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A new survey from the Office for National Statistics in Britain has found that one in five adults in the country doesn’t drink alcohol, a figure that has risen by around 10 percent since 2005. The observed increase in non-drinkers has been largely attributed to changes in the number of young adults (aged 16 to 24) who don’t drink, and similar changes have been reported in the numbers who binge drink. However, the findings are not without their criticisms, and many experts point out that the report paints a misleading picture of the true toll of drinking in Britain.
The takeaway from the survey is that the number of non-drinking adults in the U.K. has risen from 19 percent in 2005 to 21 percent in 2013. For young adults, the percentage saying they don’t drink has increased by a massive 40 percent since 2005, and this finding has been identified as the key reason for the observed decrease in Britain on the whole. In London, almost one-third (32 percent) of adults don’t drink, according to the survey, a much higher rate than in other regions with historically low drinking rates, including the West Midlands (25 percent) and Wales (22 percent).
The findings with non-drinking are roughly echoed by those on binge drinking, which show an overall decrease from 18 percent in 2005 to 15 percent in 2013. Again, young people are primarily responsible for this decrease, with the number of 16- to 24-year-olds reporting bingeing falling by more than one-third, from 29 percent in 2005 to 18 percent in 2013. In addition, only one in 50 young adults reported drinking alcohol frequently in 2013, a figure that has fallen two-thirds since 2005.
There are also some regional differences in binge drinking. Among those who’d had a drink in the past week, those living in the north of England or Scotland were more likely to have binged than people from other regions of Britain.
The report has come under fire for some crucial omissions. The most widely repeated critique of the findings is the lack of breakdown by ethnic or religious background. Since many Muslims don’t drink, the increasing numbers of Muslims in the U.K. may have impacted the findings, particularly because Muslims have the lowest average age of all the major religious groups in the U.K. This discrepancy may explain the lower drinking rates observed in both young people overall and those living in London: 40 percent of Britain’s Muslims live in London, accounting for 12.4 percent of the population there in comparison to 4.4 percent of the U.K. population overall.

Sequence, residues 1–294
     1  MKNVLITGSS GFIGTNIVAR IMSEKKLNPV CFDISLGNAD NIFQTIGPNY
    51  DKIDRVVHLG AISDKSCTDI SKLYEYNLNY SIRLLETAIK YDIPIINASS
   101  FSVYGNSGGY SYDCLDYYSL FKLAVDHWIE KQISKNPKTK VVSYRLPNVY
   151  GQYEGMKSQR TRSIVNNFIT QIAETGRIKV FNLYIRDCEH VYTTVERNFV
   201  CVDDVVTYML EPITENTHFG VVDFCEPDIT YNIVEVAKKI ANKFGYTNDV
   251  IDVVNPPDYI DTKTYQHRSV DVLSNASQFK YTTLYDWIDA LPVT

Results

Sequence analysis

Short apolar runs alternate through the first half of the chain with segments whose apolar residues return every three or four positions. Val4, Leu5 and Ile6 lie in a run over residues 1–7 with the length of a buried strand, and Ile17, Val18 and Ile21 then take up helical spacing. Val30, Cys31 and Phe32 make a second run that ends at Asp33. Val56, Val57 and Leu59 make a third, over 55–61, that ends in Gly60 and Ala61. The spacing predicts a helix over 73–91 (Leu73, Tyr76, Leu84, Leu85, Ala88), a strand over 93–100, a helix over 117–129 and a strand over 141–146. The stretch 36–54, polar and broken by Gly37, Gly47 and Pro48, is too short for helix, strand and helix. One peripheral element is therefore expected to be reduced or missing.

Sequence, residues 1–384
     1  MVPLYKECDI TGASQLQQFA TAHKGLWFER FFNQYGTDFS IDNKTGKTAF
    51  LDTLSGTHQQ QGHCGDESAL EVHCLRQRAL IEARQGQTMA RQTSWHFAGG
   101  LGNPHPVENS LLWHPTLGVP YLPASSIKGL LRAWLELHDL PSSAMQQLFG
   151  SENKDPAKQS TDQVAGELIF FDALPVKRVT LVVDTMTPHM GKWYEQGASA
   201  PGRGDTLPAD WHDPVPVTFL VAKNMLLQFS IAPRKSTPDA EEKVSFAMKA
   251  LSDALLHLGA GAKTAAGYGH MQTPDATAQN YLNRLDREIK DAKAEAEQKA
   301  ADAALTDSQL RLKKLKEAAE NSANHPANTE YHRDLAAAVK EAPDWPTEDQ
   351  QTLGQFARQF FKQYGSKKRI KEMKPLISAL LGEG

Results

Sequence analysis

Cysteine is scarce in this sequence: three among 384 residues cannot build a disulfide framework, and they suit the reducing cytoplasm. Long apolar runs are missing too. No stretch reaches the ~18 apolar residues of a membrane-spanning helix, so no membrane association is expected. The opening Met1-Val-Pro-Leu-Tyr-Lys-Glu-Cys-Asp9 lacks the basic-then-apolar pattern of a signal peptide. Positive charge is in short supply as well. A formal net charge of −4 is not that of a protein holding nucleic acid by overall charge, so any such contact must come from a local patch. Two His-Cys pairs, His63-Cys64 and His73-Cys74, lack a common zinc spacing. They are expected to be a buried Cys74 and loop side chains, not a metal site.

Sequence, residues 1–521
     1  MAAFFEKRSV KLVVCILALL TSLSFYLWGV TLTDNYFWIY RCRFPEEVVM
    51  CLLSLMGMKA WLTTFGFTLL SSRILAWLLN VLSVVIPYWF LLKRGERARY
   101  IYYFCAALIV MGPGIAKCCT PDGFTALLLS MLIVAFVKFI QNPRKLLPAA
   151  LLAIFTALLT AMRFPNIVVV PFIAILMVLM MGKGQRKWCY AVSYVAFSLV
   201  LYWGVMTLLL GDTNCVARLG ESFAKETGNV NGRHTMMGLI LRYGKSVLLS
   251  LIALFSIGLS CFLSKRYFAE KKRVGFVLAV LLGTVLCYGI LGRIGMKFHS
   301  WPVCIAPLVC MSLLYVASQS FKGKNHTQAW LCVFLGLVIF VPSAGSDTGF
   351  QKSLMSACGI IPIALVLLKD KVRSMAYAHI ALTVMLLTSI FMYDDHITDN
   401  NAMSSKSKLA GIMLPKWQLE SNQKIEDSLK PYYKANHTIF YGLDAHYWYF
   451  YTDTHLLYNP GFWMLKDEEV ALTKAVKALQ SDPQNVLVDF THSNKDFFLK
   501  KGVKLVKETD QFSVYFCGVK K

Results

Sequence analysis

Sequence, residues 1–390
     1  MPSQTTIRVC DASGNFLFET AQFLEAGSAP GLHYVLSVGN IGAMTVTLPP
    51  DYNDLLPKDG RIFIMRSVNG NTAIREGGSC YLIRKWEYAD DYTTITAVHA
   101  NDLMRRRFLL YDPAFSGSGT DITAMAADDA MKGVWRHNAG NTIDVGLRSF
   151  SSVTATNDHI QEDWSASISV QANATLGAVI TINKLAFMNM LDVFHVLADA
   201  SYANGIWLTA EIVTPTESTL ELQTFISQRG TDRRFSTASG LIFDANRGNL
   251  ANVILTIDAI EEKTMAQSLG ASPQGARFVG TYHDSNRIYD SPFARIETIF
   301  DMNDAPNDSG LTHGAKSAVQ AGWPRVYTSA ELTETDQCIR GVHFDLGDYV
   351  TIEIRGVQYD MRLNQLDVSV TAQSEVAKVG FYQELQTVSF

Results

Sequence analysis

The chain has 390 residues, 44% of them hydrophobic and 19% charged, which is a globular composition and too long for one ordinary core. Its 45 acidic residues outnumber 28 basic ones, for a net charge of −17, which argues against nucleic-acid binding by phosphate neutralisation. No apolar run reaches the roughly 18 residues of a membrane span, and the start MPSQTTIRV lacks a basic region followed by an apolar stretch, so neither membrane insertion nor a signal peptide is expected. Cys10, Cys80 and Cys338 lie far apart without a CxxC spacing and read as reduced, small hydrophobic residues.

Additionally, the increase in the number of elderly people in Britain—who don’t drink as much as younger adults—may be impacting the findings. Said professor Mark Bellis of the Faculty of Public Health: “This survey is hiding lots of alcohol consumption in groups whom we need to challenge about the issue, such as middle-aged drinkers who are known to drink far more than recommended levels without considering it to be a problem.”
Finally, there are indications that people may be underestimating their drinking when responding to the survey. Professor Ian Gilmore, founder of Alcohol Health Alliance UK, points out that data from Her Majesty’s Revenue and Customs (HMRC, which handles tax revenue) suggest that people are drinking about twice as much as they claim to be.
He continues, “If you divide the total amount of alcohol bought by the number of non-teetotalers in this country, you find that people are drinking an average of 25 units a week. That means that far from reducing alcohol intake, the average person’s drinking is at the highest possible end of the maximum recommended limit.”
Critics of the study also point out that a clearer picture can be obtained by looking at the figures that really count, in particular relevant health outcomes. For example, between 2012 and 2013, there were over 1 million hospital admissions related to alcohol in England alone. Additionally, alcohol-related deaths increased by 19 percent from 2001 to 2012, despite decreasing slightly from 2011 to 2012. The number of prescriptions written for medicines to treat alcoholism has also increased notably. Over 180,000 prescriptions were issued in 2013, costing over 3.1 million pounds, more than double the 1.5 million spent on such medicines in 2004. When all alcohol-related costs to the National Health Service (NHS) are combined, the total cost approaches 3 billion pounds.
According to Jackie Ballard, chief executive of the charity Alcohol Concern, more than half of drinkers do so at risky levels, including middle-aged and older drinkers. She adds, “We should also be concerned that nearly 4,000 under-18s were hospitalized in the U.K. with alcohol poisoning last year. Children and young people in the U.K. are still more likely than those in almost any other European country to have been drunk by the age of 13, to have drunk at least once in the last month and to have the most positive expectations of drinking.”
The positive findings from this report come with caveats, and although the overall trend across the country seems to be moving in the right direction, it’s clear that using the findings to downplay the alcohol-related harm in the U.K. is highly misleading. In particular, tackling drinking among older adults and those living in the hardest-hit regions of the U.K. should be a priority, as well as helping more of those struggling with alcohol dependency find treatment.